Bipolar Disease Hca/240

Bipolar Disease
Bipolar disorder is a manic-depressive illness; it is a brain disorder that, according to the National Institute of Mental Health (2009), “causes unusual shifts in mood, energy, activity levels, and the ability to carry out day-to-day tasks” (para. 1).   Symptoms of bipolar disorder are more severe than typical up and down emotional states experienced by most persons. The symptoms of bipolar disorder are difficult to distinguish from typical behavior at the onset of the disease. Many people go undiagnosed and untreated for years.   Once diagnosed, bipolar disorder requires long-term goals to manage. These goals must involve family and friends to be effective.
The brain systems receiving the greatest clinical attention in bipolar disorder studies are the serotonergic, noradrenergic, and dopaminergic transmitter systems.   Distributed throughout the brain, these systems support the behavioral and visceral demonstrations of mood disorders.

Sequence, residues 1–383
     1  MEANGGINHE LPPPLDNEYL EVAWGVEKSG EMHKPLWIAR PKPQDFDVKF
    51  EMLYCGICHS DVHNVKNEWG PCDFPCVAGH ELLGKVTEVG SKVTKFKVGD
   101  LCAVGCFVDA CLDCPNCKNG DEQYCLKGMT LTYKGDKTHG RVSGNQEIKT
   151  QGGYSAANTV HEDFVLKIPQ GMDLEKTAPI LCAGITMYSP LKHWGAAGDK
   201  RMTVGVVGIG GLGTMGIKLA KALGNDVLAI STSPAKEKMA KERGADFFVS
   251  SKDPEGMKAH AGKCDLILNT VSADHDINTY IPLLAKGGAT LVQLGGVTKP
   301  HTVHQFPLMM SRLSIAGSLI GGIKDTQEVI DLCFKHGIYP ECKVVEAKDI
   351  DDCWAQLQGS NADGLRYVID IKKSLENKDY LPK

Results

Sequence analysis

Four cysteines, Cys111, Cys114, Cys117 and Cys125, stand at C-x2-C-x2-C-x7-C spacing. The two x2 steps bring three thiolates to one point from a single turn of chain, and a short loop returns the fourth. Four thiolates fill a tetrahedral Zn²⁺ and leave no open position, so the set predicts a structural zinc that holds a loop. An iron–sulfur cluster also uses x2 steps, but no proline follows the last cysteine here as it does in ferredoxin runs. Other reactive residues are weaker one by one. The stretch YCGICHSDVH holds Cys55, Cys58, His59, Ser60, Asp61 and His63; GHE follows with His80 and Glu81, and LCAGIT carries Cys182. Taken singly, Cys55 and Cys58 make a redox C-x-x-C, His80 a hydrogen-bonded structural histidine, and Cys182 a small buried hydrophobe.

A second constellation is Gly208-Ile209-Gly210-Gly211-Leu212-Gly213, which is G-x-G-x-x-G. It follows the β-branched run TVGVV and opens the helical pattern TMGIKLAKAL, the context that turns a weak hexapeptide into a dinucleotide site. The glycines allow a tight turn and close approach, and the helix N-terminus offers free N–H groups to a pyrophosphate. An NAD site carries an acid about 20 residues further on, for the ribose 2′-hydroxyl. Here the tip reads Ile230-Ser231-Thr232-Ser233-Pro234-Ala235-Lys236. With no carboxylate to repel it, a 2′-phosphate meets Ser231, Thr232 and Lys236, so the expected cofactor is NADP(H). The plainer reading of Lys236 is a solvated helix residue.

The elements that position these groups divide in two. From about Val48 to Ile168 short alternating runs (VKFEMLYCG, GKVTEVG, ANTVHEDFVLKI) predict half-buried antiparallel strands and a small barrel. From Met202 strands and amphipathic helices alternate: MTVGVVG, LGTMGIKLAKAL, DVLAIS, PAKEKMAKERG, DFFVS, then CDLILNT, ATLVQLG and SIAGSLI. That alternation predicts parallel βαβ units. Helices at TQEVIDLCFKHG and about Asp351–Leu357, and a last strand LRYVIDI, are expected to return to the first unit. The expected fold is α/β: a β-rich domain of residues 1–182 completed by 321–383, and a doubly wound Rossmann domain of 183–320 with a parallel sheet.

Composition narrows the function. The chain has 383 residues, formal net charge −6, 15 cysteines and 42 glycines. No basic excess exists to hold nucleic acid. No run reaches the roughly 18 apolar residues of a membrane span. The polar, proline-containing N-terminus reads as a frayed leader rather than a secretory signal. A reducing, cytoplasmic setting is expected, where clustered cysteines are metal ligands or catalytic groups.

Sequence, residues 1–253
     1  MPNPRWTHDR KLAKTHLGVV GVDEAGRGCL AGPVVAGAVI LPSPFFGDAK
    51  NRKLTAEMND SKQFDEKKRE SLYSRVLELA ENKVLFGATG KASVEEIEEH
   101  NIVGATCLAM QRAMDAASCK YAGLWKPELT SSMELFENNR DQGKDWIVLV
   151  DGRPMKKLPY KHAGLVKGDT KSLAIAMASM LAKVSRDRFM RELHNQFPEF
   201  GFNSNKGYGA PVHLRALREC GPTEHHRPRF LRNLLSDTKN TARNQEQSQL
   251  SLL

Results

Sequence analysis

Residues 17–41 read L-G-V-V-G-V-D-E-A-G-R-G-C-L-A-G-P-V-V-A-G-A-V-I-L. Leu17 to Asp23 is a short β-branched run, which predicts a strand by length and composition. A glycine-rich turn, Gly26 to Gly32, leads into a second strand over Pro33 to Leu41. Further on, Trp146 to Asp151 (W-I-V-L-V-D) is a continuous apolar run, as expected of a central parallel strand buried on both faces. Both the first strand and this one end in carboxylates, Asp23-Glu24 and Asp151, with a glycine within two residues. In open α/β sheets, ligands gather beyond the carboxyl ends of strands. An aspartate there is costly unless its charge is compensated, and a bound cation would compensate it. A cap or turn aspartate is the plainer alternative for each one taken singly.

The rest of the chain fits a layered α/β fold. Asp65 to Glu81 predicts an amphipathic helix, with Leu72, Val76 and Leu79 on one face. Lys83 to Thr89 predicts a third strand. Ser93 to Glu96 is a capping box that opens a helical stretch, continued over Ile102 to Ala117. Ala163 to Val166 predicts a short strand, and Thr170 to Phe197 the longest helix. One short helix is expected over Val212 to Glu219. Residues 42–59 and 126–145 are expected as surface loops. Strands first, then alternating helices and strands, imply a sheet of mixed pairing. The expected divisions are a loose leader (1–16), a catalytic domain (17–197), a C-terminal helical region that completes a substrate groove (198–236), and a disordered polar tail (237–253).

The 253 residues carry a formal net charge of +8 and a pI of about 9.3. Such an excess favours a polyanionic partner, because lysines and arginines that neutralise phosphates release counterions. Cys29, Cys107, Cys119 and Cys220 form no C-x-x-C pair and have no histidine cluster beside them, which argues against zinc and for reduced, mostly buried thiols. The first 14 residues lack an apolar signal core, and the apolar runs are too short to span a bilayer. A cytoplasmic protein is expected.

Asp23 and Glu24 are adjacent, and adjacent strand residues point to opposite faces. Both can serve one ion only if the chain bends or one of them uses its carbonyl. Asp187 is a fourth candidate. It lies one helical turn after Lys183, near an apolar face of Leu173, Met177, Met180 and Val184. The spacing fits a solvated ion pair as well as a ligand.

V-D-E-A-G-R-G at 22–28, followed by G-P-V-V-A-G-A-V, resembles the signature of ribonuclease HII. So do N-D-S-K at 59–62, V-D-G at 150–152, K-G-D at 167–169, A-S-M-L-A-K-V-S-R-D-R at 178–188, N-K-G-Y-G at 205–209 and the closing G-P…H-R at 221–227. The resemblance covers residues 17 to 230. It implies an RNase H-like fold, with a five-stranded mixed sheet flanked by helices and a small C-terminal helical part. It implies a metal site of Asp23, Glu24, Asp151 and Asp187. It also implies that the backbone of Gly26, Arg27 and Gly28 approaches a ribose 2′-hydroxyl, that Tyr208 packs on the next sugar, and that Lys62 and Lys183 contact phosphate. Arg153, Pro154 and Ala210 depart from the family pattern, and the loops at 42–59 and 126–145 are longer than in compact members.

Miller (2006) stated, “Despite evidence showing that many of these circuits are likely to be involved, no obvious degeneration or complete dysfunction of any single neurotransmitter system has been identified. In this regard, the biological underpinnings of bipolar disorder appear to differ from classic neurodegenerative disorders such as Parkinson disease and Alzheimer disease, where clear deficits can be traced to the dopaminergic and cholinergic pathways, respectively” (para. 5).   The article states that bipolar disorder may represent a disorder of altered synapses and circuits instead of an imbalance in transmitters.
Manic and depressive episodes are intense emotional states occurring in people with bipolar disorder.   A manic state is characterized by overexcited or overly elated emotions and a depressive episode has extreme sadness or hopelessness. Extreme alterations in energy, activity, sleep, and behavior are included as changes in mood.
Mania or Manic Episodes
Mood changes of a manic or...